Contrast Satmodo with Motorola Solutions, Inc. v. Hytera Communications Corp., No. 17 C 1973 (N.D. Ill. May 17, 2018). In this case, Motorola claimed that Hytera stole its intellectual property, but Motorola did not bring its claim until almost ten years after the alleged theft. The court heard argument on Hytera’s motion to dismiss based on the statute of limitations and Motorola’s defense of equitable tolling of the statute. The court then allowed a short period of discovery on the question of tolling. It was within this context that the discovery dispute between the parties arose. Motorola sought to conduct a forensic examination of the computers of certain Hytera witnesses who were involved in the use of Motorola’s confidential information. Motorola argued that the inspection would:
provide substantial information relevant to Hytera’s concealment of its theft, including (1) how the Motorola materials were sent and received among the Hytera employees; (2) whether they were deleted and by whom; and (3) who had possession of them and during what time frames.
Because this dispute arose at a time in which the only discovery to be completed was related to the statute of limitations and/or the tolling of the same, the court ruled that the discovery sought was irrelevant. According to the Court, an examination of Hytera’s computers could not yield any relevant information concerning when Motorola could have discovered the theft. Further, on the issue of whether or when Hytera may have deleted evidence, and with respect to the statute of limitations and tolling issues, the court stated, “Deleted documents don’t move that meter one way or the other. . . . Motorola never had access to any of Hytera’s computers any more than it does now.”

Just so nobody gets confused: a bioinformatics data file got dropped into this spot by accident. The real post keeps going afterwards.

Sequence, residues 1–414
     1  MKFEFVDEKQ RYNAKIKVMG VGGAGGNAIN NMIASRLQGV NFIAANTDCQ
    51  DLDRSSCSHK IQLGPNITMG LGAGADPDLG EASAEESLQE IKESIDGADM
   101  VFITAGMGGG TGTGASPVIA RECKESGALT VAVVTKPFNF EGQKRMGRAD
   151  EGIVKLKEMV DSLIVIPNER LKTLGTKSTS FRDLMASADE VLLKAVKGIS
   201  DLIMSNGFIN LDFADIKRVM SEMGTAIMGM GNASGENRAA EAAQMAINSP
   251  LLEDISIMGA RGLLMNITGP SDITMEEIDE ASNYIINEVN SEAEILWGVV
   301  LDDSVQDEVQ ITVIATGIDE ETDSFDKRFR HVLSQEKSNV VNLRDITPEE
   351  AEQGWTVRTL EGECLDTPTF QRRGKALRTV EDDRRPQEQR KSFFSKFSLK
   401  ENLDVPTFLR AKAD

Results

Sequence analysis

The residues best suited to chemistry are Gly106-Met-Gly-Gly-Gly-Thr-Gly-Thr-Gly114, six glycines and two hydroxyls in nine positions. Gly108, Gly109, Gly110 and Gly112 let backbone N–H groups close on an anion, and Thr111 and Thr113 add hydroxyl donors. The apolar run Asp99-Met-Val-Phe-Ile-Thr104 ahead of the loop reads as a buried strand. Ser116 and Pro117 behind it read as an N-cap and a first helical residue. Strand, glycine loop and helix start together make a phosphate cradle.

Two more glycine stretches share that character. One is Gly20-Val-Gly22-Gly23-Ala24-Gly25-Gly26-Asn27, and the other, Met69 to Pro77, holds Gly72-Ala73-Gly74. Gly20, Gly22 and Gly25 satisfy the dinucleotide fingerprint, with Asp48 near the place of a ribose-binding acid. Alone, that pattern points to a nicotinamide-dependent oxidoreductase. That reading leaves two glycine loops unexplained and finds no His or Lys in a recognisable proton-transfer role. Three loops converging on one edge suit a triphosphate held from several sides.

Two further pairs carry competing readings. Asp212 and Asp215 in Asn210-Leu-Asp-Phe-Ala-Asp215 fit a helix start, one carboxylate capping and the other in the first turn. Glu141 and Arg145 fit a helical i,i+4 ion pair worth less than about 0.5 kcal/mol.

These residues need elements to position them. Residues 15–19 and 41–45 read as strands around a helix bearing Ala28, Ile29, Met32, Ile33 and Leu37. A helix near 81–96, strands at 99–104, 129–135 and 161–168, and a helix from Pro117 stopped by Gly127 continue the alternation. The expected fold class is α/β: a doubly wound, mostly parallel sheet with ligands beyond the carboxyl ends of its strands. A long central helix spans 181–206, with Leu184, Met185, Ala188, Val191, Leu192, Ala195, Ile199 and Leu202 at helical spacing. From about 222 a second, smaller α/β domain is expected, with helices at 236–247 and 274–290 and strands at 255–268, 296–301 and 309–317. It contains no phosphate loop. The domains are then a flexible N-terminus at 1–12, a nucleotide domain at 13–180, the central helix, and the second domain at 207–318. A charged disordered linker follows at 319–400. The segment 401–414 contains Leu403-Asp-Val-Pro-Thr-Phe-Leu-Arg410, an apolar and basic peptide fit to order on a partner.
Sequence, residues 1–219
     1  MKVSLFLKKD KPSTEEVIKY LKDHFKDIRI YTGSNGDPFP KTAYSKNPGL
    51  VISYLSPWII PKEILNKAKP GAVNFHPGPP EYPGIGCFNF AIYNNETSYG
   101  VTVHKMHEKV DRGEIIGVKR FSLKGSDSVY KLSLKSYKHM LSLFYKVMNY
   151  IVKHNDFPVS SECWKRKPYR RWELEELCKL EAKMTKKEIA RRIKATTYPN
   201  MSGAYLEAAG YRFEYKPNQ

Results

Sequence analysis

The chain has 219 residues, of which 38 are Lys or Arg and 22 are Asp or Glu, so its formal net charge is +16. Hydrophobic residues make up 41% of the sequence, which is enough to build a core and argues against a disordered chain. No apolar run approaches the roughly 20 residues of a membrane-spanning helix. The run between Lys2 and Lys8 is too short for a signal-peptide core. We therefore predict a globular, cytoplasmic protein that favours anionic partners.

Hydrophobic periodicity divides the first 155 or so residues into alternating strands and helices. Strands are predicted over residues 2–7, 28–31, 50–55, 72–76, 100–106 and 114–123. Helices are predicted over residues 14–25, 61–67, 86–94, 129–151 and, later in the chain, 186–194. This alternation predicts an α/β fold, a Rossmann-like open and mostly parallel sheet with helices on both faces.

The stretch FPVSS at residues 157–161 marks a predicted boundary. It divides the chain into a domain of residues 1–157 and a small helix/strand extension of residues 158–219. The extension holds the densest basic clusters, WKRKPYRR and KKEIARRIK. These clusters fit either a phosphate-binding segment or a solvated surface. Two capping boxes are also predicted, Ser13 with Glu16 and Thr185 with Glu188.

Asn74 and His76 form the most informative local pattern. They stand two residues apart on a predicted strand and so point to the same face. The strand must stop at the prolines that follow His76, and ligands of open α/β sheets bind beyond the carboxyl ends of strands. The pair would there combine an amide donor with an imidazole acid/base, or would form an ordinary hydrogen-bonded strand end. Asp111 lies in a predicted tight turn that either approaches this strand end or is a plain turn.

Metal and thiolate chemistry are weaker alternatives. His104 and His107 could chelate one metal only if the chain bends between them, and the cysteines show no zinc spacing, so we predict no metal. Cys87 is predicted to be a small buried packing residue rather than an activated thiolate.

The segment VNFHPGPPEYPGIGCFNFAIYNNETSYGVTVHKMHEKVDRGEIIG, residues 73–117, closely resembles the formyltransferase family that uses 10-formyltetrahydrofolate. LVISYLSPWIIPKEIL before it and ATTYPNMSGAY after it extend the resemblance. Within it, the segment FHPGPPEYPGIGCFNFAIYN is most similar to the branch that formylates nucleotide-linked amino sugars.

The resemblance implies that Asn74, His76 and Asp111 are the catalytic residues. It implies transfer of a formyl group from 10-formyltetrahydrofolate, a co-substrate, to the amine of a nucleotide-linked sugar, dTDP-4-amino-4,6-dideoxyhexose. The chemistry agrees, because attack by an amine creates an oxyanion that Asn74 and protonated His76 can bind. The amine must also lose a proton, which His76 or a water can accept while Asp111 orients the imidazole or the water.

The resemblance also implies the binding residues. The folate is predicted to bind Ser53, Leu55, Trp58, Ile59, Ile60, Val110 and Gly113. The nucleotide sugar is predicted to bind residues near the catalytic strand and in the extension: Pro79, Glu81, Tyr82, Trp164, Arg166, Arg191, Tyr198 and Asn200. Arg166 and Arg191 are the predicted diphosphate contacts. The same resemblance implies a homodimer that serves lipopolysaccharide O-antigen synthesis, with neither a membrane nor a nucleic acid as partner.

The court also considered and balanced the request for inspection against the needs of the case and determined that the forensic examination of computers (in China) was disproportionate to the needs of the case because “the burden and expense of the proposed discovery manifestly outweighs its likely benefit” on the issue of the statute of limitations and tolling.
It can be seen in both the Satmodo and Motorola cases that courts do carefully consider relevancy and proportionality when evaluating a motion for a forensic inspection. It can also be seen in both cases that courts generally attempt to balance the privacy concerns of the party holding the devices to be inspected. There is a split in authority about whether forensic examination is considered a “drastic” measure. Some courts believe it is. See, e.g., John B. v. Goetz, 531 F.3d 448, 460 (6th Cir. 2008). Other courts have called forensic telephone examinations, for example, a “minor inconvenience.” Sherman v. Yahoo!, Inc., No. 3:13-cv-00041-GPC-WVG (S.D. Cal. Feb. 20, 2015) specifically disagreed with by Ramos v. Hopele of Fort Lauderdale, LLC, No. 17-621000, 2018 WL 1383188 (S.D. Fla. Mar. 19, 2018) (also denying a request for forensic inspection of a cell phone.)
If a case involves the potential need for a compelled, forensic collection of an opposing party’s devices, be able to fully and competently explain to the court:
1) how the forensic collection may produce relevant information for a specific issue in the case;
2) why the request is proportional to the needs of the litigation (including addressing which party is bearing the burden for the collection); and
3) the nature of the collection sought, what would be collected and how privacy concerns can be minimized (Are you using the least intrusive method possible?).
In other words, make sure the court is fully educated on both the legal and technical issues in the event it chooses to fashion its own protocol for a collection.
Author: Laurie K. Miller, Member, Health Care Litigation
© January 2019 Jackson Kelly PLLC